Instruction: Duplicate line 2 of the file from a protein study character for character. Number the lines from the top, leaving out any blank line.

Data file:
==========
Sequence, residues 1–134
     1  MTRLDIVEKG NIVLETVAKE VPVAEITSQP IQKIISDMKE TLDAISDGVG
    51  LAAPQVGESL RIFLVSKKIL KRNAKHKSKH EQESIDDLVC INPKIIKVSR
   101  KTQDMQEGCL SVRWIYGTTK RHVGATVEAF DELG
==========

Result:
     1  MTRLDIVEKG NIVLETVAKE VPVAEITSQP IQKIISDMKE TLDAISDGVG